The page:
AHRENDTS: So of course then I get the phone call again, and I said, “Look, it’s only been six months, and nothing has changed. I had a senior team. I mean, we just could do no wrong, and it’s magical, and I’m loyal to a fault.

There is no reason for me to have a conversation. And oh, by the way, I had two kids in university in London, right? And a husband who thinks we’re living there the rest of our life. So, leave me alone. Again, lovely meeting with him. Thank you, but no thank you.

It was quite easy. 

HOFFMAN: It was easy for Angela to say no — even to Apple. Until, of course, it wasn’t. 

AHRENDTS: Why is it when your life is perfect that somebody wants to flip it upside down?

HOFFMAN: Well, because they see that perfect and they go, “That’s awesome.”

HOFFMAN: It’s funny, because it’s true. Tim Cook saw the leadership and clarity of mission Angela brought to Burberry. And he looked ahead to what she could do for Apple. Tim wasn’t scrambling to fill this head of retail position. If he had been, he would have — and should have — moved on. Instead, he was patient. And persistent. 

AHRENDTS: It was like one Christmas or something, and then I get a phone call. “So you’re going to be back in the States. Would you just have a cup of coffee with Tim?” I’m like, “Urgh really?” I thought, you don’t want to be disrespectful and you don’t want to be arrogant, he’s like the biggest CEO in the world. And so I said, “Fine, I’ll have a cup of coffee.”

HOFFMAN: What Angela would find in Apple CEO Tim Cook was someone with the ability to project a grand vision, while making you feel like you’re the only person in the room. 

But as persuasive as Tim Cook was face to face, she turned him down. A bunch of times.  

AHRENDTS: I told Tim, I said, “Trust me, I’m not the right person. You don’t know me. I’m instinctive. I’m creative. I’m not a store operator.”

He’s so calm. He said, “We run the most productive stores in the world. I think we’ve got a lot of good operators.” And I said, “But I’m not a techie either. I don’t code. I don’t … I know enough questions to ask to be dangerous. And I know enough to get the teams to go where I want them to go, but I’m not…” 

Very calmly: “We have enough of those.” And so only after a while did I realize that it was really leadership that he was looking for, that he wanted the teams to be united.

HOFFMAN: In this moment, Tim Cook knew incredibly well the importance of uniting his retail team under a leader who knew how to do just that. And he also knew how to play to Angela’s sense of mission.

In the end, Tim convinced Angela she was the right person. And because he had started early, he could take the time he needed to convince her, with kindness and calm.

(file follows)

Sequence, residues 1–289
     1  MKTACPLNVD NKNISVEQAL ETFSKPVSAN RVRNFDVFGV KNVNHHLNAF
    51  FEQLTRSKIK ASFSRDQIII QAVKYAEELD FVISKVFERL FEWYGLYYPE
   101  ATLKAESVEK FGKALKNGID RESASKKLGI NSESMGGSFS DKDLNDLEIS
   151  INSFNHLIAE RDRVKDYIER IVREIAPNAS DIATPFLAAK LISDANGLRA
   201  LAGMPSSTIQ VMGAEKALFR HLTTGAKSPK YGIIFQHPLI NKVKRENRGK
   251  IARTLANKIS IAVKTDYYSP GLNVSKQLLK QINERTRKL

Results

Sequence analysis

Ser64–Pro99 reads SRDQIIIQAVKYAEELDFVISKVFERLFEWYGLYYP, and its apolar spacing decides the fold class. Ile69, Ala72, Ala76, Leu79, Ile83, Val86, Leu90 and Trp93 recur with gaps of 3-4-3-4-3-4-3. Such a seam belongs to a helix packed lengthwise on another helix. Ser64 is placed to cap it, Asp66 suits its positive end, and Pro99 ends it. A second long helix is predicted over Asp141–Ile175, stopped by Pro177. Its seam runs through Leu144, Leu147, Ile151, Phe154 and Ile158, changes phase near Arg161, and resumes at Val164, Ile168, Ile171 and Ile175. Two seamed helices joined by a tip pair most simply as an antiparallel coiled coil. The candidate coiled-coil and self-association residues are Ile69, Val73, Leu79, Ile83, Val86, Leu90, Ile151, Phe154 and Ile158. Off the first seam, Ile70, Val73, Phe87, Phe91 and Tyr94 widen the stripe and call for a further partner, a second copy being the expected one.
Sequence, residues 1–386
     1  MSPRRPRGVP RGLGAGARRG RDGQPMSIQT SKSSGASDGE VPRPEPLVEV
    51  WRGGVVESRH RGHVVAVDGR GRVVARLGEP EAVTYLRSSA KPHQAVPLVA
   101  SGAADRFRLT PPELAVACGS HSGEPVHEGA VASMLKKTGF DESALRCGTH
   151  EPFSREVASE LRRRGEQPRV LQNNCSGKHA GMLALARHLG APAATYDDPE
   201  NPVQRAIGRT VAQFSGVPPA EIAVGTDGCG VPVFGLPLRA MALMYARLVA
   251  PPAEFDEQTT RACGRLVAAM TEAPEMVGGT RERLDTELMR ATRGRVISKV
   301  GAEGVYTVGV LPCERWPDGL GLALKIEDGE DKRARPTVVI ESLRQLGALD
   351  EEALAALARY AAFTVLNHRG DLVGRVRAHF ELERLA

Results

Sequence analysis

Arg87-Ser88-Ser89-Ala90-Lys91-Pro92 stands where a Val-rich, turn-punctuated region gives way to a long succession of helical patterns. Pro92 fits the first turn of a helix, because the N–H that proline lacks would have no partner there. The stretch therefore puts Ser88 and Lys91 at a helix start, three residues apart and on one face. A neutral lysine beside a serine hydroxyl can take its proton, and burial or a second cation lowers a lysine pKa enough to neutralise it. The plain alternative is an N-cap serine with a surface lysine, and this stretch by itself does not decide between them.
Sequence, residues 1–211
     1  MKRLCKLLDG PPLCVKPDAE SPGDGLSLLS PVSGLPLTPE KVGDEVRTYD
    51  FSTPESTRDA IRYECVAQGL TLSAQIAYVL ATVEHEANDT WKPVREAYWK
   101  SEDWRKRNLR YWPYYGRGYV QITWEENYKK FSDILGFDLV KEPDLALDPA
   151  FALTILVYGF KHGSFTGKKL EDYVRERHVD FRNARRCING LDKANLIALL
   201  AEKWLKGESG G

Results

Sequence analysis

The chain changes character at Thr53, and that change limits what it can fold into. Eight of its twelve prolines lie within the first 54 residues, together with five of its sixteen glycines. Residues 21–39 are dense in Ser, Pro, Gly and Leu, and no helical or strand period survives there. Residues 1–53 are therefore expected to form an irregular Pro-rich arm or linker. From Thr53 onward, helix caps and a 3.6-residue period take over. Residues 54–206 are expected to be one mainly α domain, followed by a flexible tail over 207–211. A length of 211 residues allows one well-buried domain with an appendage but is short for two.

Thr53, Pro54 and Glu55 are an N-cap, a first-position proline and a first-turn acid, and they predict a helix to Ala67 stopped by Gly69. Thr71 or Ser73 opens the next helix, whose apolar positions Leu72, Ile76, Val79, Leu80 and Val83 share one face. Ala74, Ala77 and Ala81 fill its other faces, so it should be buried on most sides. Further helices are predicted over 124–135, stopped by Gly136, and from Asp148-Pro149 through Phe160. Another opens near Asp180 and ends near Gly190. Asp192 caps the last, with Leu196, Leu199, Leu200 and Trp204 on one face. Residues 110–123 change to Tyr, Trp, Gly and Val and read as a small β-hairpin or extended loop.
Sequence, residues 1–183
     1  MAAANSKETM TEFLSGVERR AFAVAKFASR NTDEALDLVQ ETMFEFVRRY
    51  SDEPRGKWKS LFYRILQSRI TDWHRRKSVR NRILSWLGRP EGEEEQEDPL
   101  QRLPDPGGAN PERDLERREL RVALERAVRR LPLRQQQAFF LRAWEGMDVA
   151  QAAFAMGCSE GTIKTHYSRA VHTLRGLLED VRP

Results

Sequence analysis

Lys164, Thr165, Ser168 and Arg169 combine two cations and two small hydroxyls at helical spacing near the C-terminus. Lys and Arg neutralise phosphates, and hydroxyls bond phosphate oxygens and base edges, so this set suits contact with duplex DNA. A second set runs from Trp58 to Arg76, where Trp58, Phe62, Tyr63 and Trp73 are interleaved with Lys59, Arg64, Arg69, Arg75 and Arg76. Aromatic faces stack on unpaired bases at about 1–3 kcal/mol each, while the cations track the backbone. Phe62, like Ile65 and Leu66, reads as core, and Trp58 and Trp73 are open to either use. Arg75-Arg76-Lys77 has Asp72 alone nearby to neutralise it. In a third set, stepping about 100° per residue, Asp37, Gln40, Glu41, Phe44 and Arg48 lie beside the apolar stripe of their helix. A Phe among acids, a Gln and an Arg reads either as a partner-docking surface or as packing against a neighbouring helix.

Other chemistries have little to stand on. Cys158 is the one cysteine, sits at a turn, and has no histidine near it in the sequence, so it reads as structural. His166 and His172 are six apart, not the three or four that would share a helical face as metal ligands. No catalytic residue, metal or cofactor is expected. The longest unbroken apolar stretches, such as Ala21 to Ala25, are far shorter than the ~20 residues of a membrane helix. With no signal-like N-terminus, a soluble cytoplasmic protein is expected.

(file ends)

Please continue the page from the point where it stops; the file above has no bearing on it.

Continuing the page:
If you’re thinking this reverses the traditional balance between recruiter and recruitee, well, you’re absolutely right. You’ll be the one selling your prospective new team member on why they should join you. 

And notice how a key factor that made Tim want Angela for the team was an alignment in values. Angela wasn’t just a skills fit, she was a cultural fit.

And this was why he was prepared to wait for Angela to be available. It was also why he was sure Angela would thrive at Apple.

It’s easy to overlook cultural fit as a “nice-to-have.” But it’s essential. Especially in the early days of your company. Which brings us to our next hiring rethink.

Number 2: Hire for culture, not job title.

Truly strong company cultures emerge only when every employee feels they personally own the culture.

And a strong culture should be a true articulation of how your employees work at their best. It should be grounded in your shared mission, the thing you’re actually trying to accomplish. It should be understood by everyone and built by everyone. And it should be built ground-up from the very first day.

This is why we named the chapter on culture in the Masters of Scale book “The Never Ending Project.”

But the question remains: How do you get everyone across your organization to share your values, without stifling diversity? And trickier still, how do you spread those values when you’re hiring new employees by the hundreds?

A lifetime of serial entrepreneurship has led Marc Lore to make cultural fit central to his hiring strategy. Marc co-founded, which sold for $545 million to Amazon, and, which sold for $3.3 billion to Walmart. 

Here he is sharing some of his insights about focusing on cultural fit while hiring. Until now, some of the interview with Marc you’re about to hear has only been available to Masters of Scale members who can access the full, uncut interviews with Masters of Scale guests.

MARC LORE: Having a team that shares a common set of values is really important, but at the same time you want diversity of thought. You definitely need to have a diverse team so that there’s no group think, and I’ve definitely learned that that can happen quite easily.

HOFFMAN: Avoiding groupthink is an important aim of hiring for culture, but there are other huge upsides — not least, making sure everyone is striving for the same mission.